More thoughts on the cosmological argument

In my previous post, I wrote about William Lane Craig’s presentation of the cosmological argument for the existence of God.

I like the cosmological argument and think it is the strongest of the traditional arguments for the existence of God. I usually state it as follows:

1. The universe exists, and there must be an explanation for why it exists.
2. There are only three possible explanations for why the universe exists: 1)It has always existed. 2)It created itself. 3) It was created by something outside of itself.
3. Explanation 1 has serious scientific and philosphical problems; Explanation 2 is absurd. Therefore the universe was created by God.

I think my wording is related to a subset of the cosmological argument called the kalam cosmological argument. Premise 1 can be stated as a question: Why is there something rather than nothing? This has been called by some the greatest question in philosophy. I run into some who deny the truthfulness of this premise and who say that there doesn’t have to be an explanation for why the universe exists, but I don’t think they are being intellectually honest. As Craig discusses the cosmological argument, he states:

Imagine that you’re walking through the woods and come upon a translucent ball lying on the forest floor. You would find quite bizarre the claim that the ball just exists inexplicably. And increasing the size of the ball, even until it becomes co-extensive with the cosmos, would do nothing to eliminate the need for an explanation of its existence.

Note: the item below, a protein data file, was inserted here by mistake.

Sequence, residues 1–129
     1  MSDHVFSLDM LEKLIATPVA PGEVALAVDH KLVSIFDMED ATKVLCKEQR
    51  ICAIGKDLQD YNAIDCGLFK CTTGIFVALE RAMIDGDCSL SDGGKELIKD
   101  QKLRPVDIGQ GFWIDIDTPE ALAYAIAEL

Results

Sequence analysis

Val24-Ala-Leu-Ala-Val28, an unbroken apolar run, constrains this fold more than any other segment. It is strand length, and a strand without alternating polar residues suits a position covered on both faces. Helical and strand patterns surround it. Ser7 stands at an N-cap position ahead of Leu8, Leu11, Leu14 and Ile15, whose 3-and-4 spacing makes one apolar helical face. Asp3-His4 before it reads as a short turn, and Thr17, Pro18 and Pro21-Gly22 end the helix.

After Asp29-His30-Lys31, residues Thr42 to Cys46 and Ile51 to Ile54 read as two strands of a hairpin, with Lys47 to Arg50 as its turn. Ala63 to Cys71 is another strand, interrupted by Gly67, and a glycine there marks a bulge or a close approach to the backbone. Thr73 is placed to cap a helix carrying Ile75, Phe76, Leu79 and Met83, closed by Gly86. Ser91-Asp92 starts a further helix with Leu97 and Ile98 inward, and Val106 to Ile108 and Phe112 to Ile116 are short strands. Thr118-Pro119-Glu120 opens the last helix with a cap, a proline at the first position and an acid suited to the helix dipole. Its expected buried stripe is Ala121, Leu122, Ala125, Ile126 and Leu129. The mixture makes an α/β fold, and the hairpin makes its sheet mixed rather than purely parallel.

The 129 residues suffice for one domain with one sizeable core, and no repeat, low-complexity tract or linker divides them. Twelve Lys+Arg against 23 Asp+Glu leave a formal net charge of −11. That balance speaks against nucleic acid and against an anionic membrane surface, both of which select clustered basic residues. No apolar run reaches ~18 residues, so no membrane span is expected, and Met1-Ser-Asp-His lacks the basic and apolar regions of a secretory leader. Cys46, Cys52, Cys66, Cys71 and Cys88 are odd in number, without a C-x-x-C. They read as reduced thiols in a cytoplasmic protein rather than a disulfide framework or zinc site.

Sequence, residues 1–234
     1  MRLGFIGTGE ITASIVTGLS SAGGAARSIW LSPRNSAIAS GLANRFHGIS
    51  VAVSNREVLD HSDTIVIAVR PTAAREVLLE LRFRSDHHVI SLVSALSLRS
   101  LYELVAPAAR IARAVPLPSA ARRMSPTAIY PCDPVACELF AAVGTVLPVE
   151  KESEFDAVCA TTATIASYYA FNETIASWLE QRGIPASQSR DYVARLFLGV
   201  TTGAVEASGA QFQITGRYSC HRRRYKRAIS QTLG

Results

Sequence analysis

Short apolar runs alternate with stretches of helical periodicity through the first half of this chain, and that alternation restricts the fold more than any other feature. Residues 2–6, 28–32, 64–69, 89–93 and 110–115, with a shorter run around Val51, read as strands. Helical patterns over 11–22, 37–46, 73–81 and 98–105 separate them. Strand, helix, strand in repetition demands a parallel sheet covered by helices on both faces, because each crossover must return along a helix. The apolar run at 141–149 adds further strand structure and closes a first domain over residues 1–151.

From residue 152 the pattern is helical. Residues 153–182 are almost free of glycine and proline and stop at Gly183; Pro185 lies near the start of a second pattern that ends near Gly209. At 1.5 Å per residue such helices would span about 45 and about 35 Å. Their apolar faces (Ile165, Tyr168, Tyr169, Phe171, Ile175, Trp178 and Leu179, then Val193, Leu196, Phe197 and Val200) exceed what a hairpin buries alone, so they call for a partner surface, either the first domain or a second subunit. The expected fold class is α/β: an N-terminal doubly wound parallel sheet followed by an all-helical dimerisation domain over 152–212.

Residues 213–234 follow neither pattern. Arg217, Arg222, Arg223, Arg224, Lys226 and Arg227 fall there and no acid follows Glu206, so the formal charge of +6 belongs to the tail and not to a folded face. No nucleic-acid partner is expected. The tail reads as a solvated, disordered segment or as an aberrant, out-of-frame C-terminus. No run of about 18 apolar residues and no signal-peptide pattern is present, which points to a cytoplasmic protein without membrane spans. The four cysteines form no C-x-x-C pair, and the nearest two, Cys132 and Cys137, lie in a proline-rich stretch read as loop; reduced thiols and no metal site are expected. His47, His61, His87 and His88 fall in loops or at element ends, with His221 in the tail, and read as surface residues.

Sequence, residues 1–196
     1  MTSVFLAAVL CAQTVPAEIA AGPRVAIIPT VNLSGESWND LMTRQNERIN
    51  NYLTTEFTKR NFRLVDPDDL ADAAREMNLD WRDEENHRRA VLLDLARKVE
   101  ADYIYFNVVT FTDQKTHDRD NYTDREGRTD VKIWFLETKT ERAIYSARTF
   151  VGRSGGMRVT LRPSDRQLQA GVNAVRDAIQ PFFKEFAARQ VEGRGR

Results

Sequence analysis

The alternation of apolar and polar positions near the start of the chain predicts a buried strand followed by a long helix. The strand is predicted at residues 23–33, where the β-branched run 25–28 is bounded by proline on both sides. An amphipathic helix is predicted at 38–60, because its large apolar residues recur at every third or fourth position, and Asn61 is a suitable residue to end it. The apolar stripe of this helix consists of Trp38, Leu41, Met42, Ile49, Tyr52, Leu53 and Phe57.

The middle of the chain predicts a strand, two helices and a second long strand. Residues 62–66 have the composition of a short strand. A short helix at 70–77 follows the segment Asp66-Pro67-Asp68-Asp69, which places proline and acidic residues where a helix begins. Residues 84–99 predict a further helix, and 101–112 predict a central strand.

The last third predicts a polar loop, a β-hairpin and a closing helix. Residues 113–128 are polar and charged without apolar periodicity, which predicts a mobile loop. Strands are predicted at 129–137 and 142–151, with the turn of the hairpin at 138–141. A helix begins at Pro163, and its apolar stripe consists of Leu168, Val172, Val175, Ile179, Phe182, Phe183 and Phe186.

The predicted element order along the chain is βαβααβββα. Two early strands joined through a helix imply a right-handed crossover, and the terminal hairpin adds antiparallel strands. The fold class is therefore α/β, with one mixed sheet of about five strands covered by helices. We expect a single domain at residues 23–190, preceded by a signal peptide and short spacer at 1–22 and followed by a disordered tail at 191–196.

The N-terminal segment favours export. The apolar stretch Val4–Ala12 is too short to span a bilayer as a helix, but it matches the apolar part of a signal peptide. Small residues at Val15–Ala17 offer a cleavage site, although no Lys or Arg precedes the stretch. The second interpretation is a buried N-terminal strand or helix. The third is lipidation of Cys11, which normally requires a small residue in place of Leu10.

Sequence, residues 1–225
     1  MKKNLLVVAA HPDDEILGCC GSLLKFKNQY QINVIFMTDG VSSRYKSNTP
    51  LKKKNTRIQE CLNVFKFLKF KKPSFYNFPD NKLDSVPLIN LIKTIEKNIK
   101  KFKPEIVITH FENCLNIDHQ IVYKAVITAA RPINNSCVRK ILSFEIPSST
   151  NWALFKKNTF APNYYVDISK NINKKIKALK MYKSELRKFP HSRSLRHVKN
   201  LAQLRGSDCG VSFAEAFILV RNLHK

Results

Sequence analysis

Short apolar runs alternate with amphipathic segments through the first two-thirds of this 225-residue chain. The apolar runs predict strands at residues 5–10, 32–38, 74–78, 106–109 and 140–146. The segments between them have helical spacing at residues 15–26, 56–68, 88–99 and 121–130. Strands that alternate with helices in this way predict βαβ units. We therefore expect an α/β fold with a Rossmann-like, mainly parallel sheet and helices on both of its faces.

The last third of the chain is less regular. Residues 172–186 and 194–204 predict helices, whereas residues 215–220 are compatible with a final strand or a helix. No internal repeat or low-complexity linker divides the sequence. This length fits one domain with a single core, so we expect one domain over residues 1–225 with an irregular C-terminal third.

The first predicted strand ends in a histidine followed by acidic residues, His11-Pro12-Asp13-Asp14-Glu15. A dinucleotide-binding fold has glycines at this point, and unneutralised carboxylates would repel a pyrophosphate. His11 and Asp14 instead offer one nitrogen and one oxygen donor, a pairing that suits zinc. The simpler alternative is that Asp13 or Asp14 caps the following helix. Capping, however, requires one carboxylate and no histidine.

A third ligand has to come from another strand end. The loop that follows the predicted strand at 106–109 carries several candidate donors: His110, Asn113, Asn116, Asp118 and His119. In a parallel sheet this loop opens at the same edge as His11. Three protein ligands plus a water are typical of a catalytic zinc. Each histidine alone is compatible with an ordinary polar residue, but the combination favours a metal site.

Premise 2 is hard to dismiss; there are no other alternatives. Either the universe has always existed, it created itself, or it was created by something outside of itself. The universe has not always existed. Cosmologists (astronomers and physicists who study the history of the universe) almost universally accept the concept of the Big Bang, which implies a beginning to not only matter and energy, but to space and time as well. There are additional scientific and philosophical arguments against an infinitely old universe.

As I stated already, the idea that the universe created itself is absurd. We cannot help but come to the conclusion that the universe was created by something outside of itself. It is not enough to say that the universe was created naturally by a larger “multiverse,” which somehow spawned off the universe in which we live. This just puts the question back one step and doesn’t really answer anything. Where did the multiverse, and the laws by which it operates, come from? The most reasonable explanation for the origin of the universe–perhaps the only reasonable explanation–is that there is a being outside of the universe that is bigger than the universe who created it. We call that being “God.”

The cosmological argument won’t lead someone to faith in Jesus Christ as the Son of God and Savior of the world. But philosophical reasoning like this could break down some intellectual barriers and open doors for presentation of the truths of the Gospel.

Grace and Peace

2 thoughts on “More thoughts on the cosmological argument

  1. Pingback: Refutation: “Logical Analysis of the Cosmological Argument for the Existence of God” « High School Apologetics

  2. lightsmith

    I’m not really happy with “multiverse” theories, because I don’t see any way one could get evidence for such a thing, but I think you’re too quick to dismiss this line of thought. It doesn’t really “just put the question back one step,” because it is possible that a multiverse has always existed. If that is the case, and colliding branes (or whatever) spawned this universe, I don’t think you need a sentient being.

    The usual “apologetics” answer to “What created God?” is that God always existed, or was otherwise somehow able to exist without being created. If I’m free to assign the same characteristics to the pre-universe matrix that gave rise to this universe, that answer has to be at least as satisfying as “God did it.”

    Like

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